Friday, June 30, 2017


Today we begin a new series on Friday Potpourri.  Inspired by current events in Schneider Park and the upcoming nonagintennial (90th) anniversary of the Parish of St. Sebastian, this space will be a history of the Parish beginning with a general understanding of the area and its Catholic roots before the parish was founded.  If you find anything that is incorrect or could be expanded upon, please let me know!  I want to have this project finished for next year.  Thanks!

Today's installment was made possible with the help of the St. Vincent website.

There was something peculiar about the man walking down the trail.  He was not like the men that had walked this trail for hundreds of years.  His clothes were different, his face was different, and his language was different.  His name was Etienne Brule and he was the first known non-native American man to take the trek down the most historic ten mile trail in American History.  This expedition took place sometime just before 1615, historically just a fraction of a moment ago.  The Indian portage, known now as Portage Path and which today marks the eastern limit of our parish boundaries, was an important crossing for the Native Americans between the Cuyahoga and Tuscarawas rivers and later became the impetus for the growth of Pennsylvania and the Ohio Valley.  It was possible to travel from the Great Lakes all the way down to the Gulf of Mexico except for this small trek on which they would have to portage their canoes and gear.  Today, large bronze arrowheads roughly mark out the location of this historic path along Portage Path Road.

With the signing of the McIntosh Treaty and a few years later the Treaty of Greenville, Portage Path became part of the boundary between the United States and the Indian Nations of the Northwest.  This boundary held from about 1785 to 1805, a mere 123 years before the founding of the Parish of Saint Sebastian.  The City of Akron, founded by Simon Perkins, would be founded in 1825.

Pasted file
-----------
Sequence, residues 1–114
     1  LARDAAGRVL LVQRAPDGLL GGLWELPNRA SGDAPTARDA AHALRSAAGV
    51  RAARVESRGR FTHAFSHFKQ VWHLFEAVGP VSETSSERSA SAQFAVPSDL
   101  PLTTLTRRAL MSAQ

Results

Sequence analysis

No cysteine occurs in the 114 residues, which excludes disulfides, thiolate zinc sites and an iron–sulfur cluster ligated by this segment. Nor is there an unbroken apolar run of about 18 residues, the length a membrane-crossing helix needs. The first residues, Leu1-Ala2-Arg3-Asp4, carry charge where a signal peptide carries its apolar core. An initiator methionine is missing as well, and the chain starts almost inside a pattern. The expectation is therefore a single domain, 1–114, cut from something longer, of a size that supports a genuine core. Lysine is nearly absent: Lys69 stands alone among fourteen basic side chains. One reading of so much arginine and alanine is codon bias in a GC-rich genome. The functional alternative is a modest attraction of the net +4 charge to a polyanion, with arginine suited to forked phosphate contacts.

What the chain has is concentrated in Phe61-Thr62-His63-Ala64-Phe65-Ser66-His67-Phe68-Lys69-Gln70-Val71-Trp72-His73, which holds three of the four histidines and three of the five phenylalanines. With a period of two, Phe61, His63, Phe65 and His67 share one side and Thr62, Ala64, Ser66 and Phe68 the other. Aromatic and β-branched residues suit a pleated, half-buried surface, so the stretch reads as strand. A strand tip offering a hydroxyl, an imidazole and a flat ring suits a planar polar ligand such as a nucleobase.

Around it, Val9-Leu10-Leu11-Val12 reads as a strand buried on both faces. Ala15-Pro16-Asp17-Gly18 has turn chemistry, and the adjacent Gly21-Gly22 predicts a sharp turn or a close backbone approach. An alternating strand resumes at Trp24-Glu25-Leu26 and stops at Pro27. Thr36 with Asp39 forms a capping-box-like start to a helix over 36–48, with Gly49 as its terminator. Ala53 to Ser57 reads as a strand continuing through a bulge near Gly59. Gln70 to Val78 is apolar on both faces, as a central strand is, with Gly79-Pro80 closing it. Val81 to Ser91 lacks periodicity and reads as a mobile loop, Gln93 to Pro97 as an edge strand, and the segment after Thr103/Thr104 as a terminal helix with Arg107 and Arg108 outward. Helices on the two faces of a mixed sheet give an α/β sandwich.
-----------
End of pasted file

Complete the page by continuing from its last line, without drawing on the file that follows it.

The first Catholic Church in the area was St. Vincent de Paul established in 1837 as a missionary church.  At the time this area would have been part of the diocese of Cincinnati, so the founding of St. Vincent, our mother parish, predates the Diocese of Cleveland by ten years.  The first record of a Catholic priest visiting Akron was in 1833.  The Rev. John Martin Henni who would later become the Archbishop of Milwaukee, came to say Mass in the log cabin of James McAllister, a local contractor.  From then, when a priest was able to make it to the area, Mass was held in the old Dunn home on Green Street and other private residences of the Catholics that lived in the area.  

The first permanent Catholic ecclesial structure in Akron was begun in 1844 (the year the first telegraph is sent and the University of Notre Dame received its charter.)  It was made out of timber cut and hauled by members of the parish.  Completed in 1845 (the year Florida and Texas became states) the frame structure located on Green Street served as the church for the parish until the current church was constructed.

The foundation for the structure on West Market Street, with which we are familiar today, was laid February 18th, 1864, a year before the Civil war was over.  Building was then suspended most probably due to a shortage of material and/or manpower owing to the war.   It is fascinating to ponder that the foundation of the building we drive by so quickly today was also seen by Civil War soldiers, who, during the war were probably fed on oats produced in Akron, were now coming home, either walking or riding on horseback, passing that stone foundation. Construction resumed in 1866 and finally reached its completion in 1867.

Thursday, June 29, 2017